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  • Blackshirts to have fewer standouts, more continuity in 2012

    It's a hypothetical question, but it's about to be played out in real life.

    If you had to build a major college football defense from scratch, would you rather have three All-America-caliber studs supported by several dependable starters and a few untested players? Or would you prefer 11 steady Eddies, none of them even a preseason all-conference selection, but who can play well together?

    This has been one of the big preseason questions in Lincoln: How will the Blackshirts deal with the departure of Jared Crick, Lavonte David and Alfonzo Dennard? I think the end product will be better, mostly because there is experience and depth across the board. I think we'll see better communication and cooperation on the field. In short, their mental game will be much improved.

    Dennis Hubbard photo

    The Husker defense will be solid this fall. Sure, it's year one of the John Papuchis regime, but the defense took a step backward in year four of the Carl Pelini regime, and I'm ready to move on.

    The 2011 defense was erratic. We caught a glimpse of how good it might have been last year against Michigan State, when the Blackshirts played disciplined, tough defense for 60 minutes. Alas, too often we saw it all fall apart against weaker opponents like Fresno State, Washington and Northwestern.

    My philosophy is that a mediocre defensive backfield can look good if the front seven consistently get pressure on the quarterback. Carl Pelini's philosophy was that a good defensive backfield allows a mediocre front seven to get pressure on the quarterback. Both, of course, could be true, but a dominant front is more desirable because it can shut down both the running and passing game. That's why I was very interested when Bo hired Rick Kaczenski last winter. He already shows promise as an effective recruiter.

    Everything I've seen and heard about Kaczenski is good – especially this Lincoln Journal Star quote from defensive end Jason Ankrah – one of those untested players who saw a lot of playing time last year:

    “His philosophy is attack," said Ankrah. "Everything is attacking. Everything is you delivering the blow before the O-lineman gives you the blow.” If that indeed becomes the theme this fall, it will be a major step up from last year. I recognize there were multiple problems in the secondary, but I put much of the blame up front, where the play was anything but disruptive to opposing offenses.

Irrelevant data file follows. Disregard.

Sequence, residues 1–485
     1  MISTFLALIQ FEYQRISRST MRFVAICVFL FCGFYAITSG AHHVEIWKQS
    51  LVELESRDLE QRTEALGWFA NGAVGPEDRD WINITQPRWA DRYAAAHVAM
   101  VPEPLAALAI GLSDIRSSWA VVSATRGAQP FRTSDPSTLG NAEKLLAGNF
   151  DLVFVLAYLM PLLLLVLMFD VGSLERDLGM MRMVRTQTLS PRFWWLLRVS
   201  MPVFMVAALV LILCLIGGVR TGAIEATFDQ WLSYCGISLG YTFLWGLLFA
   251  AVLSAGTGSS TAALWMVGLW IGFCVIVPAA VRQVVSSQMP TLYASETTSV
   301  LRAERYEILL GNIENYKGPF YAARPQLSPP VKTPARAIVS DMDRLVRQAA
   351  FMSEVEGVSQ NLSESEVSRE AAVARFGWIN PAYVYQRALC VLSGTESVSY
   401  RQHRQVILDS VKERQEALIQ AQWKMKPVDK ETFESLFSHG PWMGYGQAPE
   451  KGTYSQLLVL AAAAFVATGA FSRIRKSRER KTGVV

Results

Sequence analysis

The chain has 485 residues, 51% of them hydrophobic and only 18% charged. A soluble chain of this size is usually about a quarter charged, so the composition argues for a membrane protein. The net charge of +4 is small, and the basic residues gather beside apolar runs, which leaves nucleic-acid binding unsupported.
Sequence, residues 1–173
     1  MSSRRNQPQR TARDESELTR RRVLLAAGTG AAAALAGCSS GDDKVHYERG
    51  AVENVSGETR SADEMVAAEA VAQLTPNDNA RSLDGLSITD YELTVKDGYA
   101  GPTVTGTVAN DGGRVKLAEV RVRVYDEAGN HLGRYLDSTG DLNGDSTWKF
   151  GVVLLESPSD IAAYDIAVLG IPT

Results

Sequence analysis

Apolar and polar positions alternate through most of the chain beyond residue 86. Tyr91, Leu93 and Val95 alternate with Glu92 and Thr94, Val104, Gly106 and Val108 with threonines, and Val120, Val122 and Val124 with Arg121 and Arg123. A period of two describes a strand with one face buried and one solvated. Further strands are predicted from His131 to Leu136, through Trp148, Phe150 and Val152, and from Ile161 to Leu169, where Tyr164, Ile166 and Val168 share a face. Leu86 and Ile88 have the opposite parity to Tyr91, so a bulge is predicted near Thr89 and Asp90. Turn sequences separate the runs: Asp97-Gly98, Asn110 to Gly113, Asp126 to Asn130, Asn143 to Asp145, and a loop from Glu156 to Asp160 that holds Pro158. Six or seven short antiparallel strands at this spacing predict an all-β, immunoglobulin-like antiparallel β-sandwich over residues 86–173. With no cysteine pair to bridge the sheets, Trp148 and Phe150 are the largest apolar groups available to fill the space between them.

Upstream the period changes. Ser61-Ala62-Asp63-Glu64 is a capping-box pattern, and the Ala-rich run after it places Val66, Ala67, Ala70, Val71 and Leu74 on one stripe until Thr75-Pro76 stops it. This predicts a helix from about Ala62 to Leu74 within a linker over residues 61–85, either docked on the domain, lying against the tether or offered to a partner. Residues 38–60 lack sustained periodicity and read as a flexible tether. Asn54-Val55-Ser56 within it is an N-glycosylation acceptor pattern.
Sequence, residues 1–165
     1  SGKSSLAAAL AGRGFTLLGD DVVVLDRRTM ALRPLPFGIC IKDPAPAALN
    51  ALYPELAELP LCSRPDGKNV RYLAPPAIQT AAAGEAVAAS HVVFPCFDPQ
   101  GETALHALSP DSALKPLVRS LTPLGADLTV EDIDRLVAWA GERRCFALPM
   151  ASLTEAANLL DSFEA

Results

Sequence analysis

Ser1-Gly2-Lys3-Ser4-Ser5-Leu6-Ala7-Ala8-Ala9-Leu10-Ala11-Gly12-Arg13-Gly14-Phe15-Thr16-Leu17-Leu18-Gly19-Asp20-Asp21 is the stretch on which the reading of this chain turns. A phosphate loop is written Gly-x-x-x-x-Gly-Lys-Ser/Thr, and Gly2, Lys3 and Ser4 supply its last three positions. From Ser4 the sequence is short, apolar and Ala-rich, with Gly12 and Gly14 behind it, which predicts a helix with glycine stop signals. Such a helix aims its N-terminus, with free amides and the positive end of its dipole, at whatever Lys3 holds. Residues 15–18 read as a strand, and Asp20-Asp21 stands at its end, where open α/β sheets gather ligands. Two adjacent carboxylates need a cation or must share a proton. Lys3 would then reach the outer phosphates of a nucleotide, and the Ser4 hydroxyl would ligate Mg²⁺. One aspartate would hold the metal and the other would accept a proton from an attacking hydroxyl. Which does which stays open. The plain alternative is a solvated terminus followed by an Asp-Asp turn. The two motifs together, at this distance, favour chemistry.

The hope here is that Papuchis turns out to be a good big-picture thinker and planner as defensive coordinator, and Kaczenski turns out to be a great motivator and teacher of technique – in short, a step up from Papuchis as d-line coach.

    The Huskers didn't shut down anyone very often last year. With Crick backed by two of the Huskers' most dependable players – Baker Steinkuhler and Cameron Meredith – up front, I expected a good pass rush, but that rarely materialized, even before Crick's season-ending torn pectoral muscle. The Blackshirts ranked 84th in sacks and 112th in tackles for loss in 2011. When you consider that NU forced only 18 turnovers – 91st in the nation – that made for a drought of explosive plays.

    Sure, injuries were a problem last fall. Northwestern ran the ball with ridiculous ease against the Huskers in the fourth quarter when the d-line got worn down. But if you get enough stops early in drives, getting worn down is not an issue, whether or not you lack depth. Nebraska allowed way too many third-down conversions, even with Crick, David and Dennard on the field.

    With Ankrah a year older and Eric Martin fighting for playing time, defensive end figures to be improved this year. Chase Rome, Jay Guy and Thaddeus Randle should solidify the tackle position. Will Compton appears to be the vocal leader of the Blackshirts, as well as the signal caller at middle linebacker, and I look for at least one other senior – either Alonzo Whaley or Sean Fisher – to have a good season. At least one underclassman – maybe Trevor Roach, redshirt freshman David Santos or junior college transfer Zaire Anderson – needs to have a solid year.

    Damion Stafford has all kinds of potential at safety, but he struggled with the mental part of the game. I think he will be dependable. P.J. Smith and Courtney Osborne both have significant experience. I look for Andrew Green to solidify at one cornerback spot and either JUCO transfer Mohammed Seisey, Ciante Evans or Stanley Jean-Baptiste to be dependable at the other.

    There may be fewer standouts, but I look for better communication and continuity. To me, the defense appears headed for a better season than last year. But if guys like Steinkuhler, Meredith, Compton and Stafford can somehow step up their game, advancing beyond "steady Eddie" status and become disruptive forces as seniors, then things could get very interesting.

    Formerly the sports editor at the North Platte Bulletin and a sportswriter/columnist for the North Platte Telegraph, Tad Stryker is a longtime Nebraska sports writer, having covered University of Nebraska and high school sports for more than 25 years. He started writing for this website in 2008. You can e-mail him at

    Comments 1 Comment
    1. Unregistered's Avatar
      Unregistered -
      You may consider the private lives of players and coaches off limits, but to me one of the most compelling, if least discussed reasons for the lack of consistency on defense last year, was the fact that Carl Pelini was going through an uncomfortable divorce. This had to be a major distraction for him.
      I wish him the best in his new job at Florida Atlantic, and hope that we will see a more representative performance from the Blackshirts this season.
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